Abstract: Given the effects of reinforcement parameters on response rate, it may be possible that the degree to which the response is renewed could be affected by how the response-reinforcer contingency was established (e.g. Berry, Sweeney & Odum, 2014; Podlesnik & Shahan, 2009). Two experiments assessed the effects of quality and delay of the reinforcer on ABA renewal using 32 Wistar rats. In both experiments, lever pressing was trained using a two-component multiple schedule in Context A; for Experiment 1, Component 1 (C1) was associated with the delivery of sucrose and Component 2 (C2) was associated with 0.45mg of food; whereas, for Experiment 2, C1 and C2 were associated with the immediate or delayed delivery of 0.45mg of food. In both experiments, during acquisition, response rates were differentiated between components. During extinction, response rates decreased across subjects in both experiments. Nevertheless, once subjects were re-exposed to Context A, renewal of the response was observed in both experiments. Although both reinforcement parameters seemed to impact response rate, they did not seem to affect the degree to which the response was renewed. These results can be considered when assessing how a certain response has been acquired in order to reduce relapse.

Resurgence When Challenging Alternative Responding With Progressive Ratios

(Basic Research)
CHRISTOPHER A. PODLESNIK (Florida Institute of Technology), Thuong Huyen (Florida Institute of Technology), Madeleine Diane Keevy (Florida Institute of Technology)

Relapse of problem behavior after treatment is a problem frequently faced by clinicians. Resurgence is one such form of treatment relapse, defined as the recurrence of a previously reinforced and then extinguished target response when extinguishing a more recently reinforced alternative response. Resurgence also occurs when alternative reinforcement rate is reduced across sessions. This translational study conducted with children sought to evaluate resurgence when challenging alternative responding with progressive-ratio schedules. To simulate problem behavior, we first reinforced an arbitrary target response, then extinguished target responding while reinforcing an arbitrary alternative response. Finally, we examined resurgence of target responding either by (1) extinguishing alternative responding or (2) introducing a progressive-ratio schedule of reinforcement for alternative responding. Resurgence was demonstrated in both conditions in all participants. For three of four, resurgence in extinction phase was greater than in progressive-ratio phase. These findings emphasize the importance of compliance to procedure fidelity in differential-reinforcement treatments and imply that frequent monitoring of treatment integrity is essential for all therapists and caregivers. Implications of using progressive-ratio schedule to predict an ultimate goal for scheduling alternative reinforcement is also discussed.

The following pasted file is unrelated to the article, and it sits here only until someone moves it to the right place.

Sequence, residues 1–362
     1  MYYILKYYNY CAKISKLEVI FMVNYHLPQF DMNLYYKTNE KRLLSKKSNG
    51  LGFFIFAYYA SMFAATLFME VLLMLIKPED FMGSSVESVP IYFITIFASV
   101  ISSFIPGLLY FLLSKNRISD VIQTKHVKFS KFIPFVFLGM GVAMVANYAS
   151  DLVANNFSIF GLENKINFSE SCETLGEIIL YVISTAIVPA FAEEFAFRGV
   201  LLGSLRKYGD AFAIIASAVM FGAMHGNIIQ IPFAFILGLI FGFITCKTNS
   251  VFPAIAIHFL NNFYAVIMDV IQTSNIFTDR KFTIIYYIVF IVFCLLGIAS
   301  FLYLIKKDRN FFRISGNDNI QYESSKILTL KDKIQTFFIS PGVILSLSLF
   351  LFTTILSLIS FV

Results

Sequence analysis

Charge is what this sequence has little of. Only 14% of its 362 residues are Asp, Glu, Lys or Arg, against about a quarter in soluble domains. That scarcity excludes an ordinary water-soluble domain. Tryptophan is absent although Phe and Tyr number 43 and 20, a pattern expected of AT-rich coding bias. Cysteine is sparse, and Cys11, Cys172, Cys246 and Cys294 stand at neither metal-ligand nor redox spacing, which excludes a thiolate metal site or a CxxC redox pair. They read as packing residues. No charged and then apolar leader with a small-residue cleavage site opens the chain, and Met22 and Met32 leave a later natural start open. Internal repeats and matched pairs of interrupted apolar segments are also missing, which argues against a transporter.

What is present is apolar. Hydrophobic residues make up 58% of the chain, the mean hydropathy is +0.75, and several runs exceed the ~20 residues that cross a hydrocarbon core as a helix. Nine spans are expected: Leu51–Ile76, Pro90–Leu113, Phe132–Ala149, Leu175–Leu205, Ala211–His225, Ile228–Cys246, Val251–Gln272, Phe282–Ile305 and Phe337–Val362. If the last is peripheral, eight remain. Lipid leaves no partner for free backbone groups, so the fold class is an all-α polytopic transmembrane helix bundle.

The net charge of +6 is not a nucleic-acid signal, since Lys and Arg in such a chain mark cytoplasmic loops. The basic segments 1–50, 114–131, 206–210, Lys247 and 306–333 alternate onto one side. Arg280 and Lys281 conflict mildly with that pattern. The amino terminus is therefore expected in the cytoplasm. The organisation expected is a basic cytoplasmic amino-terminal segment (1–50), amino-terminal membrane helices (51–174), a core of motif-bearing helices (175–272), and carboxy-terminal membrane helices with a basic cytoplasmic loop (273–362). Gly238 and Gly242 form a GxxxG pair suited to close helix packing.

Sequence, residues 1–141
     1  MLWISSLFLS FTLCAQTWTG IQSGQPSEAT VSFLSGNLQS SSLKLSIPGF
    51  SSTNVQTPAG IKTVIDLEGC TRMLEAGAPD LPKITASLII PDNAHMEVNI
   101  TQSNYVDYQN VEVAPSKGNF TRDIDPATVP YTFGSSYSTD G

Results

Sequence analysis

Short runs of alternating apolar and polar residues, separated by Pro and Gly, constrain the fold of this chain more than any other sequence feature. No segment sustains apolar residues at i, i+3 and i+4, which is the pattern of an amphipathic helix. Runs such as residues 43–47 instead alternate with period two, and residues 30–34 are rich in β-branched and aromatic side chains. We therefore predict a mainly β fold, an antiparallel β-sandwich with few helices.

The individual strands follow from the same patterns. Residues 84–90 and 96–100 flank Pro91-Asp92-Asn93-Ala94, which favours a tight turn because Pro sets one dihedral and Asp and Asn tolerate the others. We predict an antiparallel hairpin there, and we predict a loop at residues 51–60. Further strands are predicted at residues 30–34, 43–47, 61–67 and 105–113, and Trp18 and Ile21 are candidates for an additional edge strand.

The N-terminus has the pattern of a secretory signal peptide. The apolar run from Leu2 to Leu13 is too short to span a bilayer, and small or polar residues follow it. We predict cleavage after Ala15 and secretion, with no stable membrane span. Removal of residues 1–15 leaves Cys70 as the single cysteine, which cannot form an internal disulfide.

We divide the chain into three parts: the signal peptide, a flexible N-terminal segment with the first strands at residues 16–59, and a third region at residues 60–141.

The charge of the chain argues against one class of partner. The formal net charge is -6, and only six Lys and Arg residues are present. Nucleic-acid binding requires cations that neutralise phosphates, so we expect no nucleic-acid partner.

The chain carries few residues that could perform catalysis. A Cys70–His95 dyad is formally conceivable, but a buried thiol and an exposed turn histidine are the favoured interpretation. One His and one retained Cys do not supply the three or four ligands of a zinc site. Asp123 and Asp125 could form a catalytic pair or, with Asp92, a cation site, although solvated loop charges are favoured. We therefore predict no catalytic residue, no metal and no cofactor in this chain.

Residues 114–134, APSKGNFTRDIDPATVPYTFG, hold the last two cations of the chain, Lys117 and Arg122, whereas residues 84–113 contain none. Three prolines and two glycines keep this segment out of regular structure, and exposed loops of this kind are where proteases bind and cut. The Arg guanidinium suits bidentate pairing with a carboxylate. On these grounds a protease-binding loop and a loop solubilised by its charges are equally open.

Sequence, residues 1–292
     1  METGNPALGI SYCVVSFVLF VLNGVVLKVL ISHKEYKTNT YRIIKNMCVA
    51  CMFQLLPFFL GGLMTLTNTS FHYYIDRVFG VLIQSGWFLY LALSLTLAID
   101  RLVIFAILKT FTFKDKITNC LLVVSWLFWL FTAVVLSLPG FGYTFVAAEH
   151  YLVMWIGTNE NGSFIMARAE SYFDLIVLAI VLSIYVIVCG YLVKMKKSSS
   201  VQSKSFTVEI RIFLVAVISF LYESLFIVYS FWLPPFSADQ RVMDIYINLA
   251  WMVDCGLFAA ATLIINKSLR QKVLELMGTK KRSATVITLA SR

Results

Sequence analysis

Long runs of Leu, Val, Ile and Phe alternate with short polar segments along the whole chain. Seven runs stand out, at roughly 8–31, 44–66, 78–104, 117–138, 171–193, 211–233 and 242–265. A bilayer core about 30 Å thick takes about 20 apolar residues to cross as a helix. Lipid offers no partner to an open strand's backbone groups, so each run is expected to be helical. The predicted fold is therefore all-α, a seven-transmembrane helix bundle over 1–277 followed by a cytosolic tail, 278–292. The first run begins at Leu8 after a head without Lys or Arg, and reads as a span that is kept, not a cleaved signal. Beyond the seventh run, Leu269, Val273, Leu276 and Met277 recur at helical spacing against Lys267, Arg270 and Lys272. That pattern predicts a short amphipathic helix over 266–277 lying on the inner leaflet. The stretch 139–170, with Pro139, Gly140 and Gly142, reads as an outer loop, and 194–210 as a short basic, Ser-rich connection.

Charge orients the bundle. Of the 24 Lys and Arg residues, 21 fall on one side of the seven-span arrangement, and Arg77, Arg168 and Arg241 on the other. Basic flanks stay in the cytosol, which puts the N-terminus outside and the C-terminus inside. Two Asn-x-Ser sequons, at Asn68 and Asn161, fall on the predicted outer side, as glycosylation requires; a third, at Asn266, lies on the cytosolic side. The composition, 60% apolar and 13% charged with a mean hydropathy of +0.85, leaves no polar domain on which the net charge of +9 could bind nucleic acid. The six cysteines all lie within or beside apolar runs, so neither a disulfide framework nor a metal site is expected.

Resurgence of Negatively Reinforced Target Behavior in Humans: Effects of Differential Rates of Alternative Reinforcement
(Basic Research)
BROOKE M. SMITH (Utah State University), Gregory Scott Smith (Chrysalis, Inc.; University of Nevada School of Medicine), Timothy A. Shahan (Utah State University), Mike P. Twohig (Utah State University)
Abstract: Cognitive behavioral therapy is the gold standard in anxiety disorder treatments; however, relapse remains problematic. Resurgence is one possible model for investigating elimination and relapse of operant behavior in clinical situations. Nonhuman research has shown that a higher rate of alternative reinforcement results in more comprehensive suppression of target behavior; however, it also results in greater resurgence when removed. Few studies have investigated this effect in typically developing humans, and none have done so with respect to avoidance behavior. The current study investigated the effects of high and low rates of positive reinforcement of alternative behavior on response suppression and resurgence of negatively reinforced target behavior in college students using an analogue computer task. Results indicated that rate of alternative reinforcement did not affect degree of response suppression or magnitude of resurgence. Compared to an extinction control, target responding in both experimental groups was eliminated more completely during phase 2 and resurged during phase 3. These results extend the resurgence effect to negatively reinforced target behavior and positively reinforced alternative behavior in humans and suggest that care be taken on the part of clinicians in considering possible sources of relapse when treating anxiety disorders.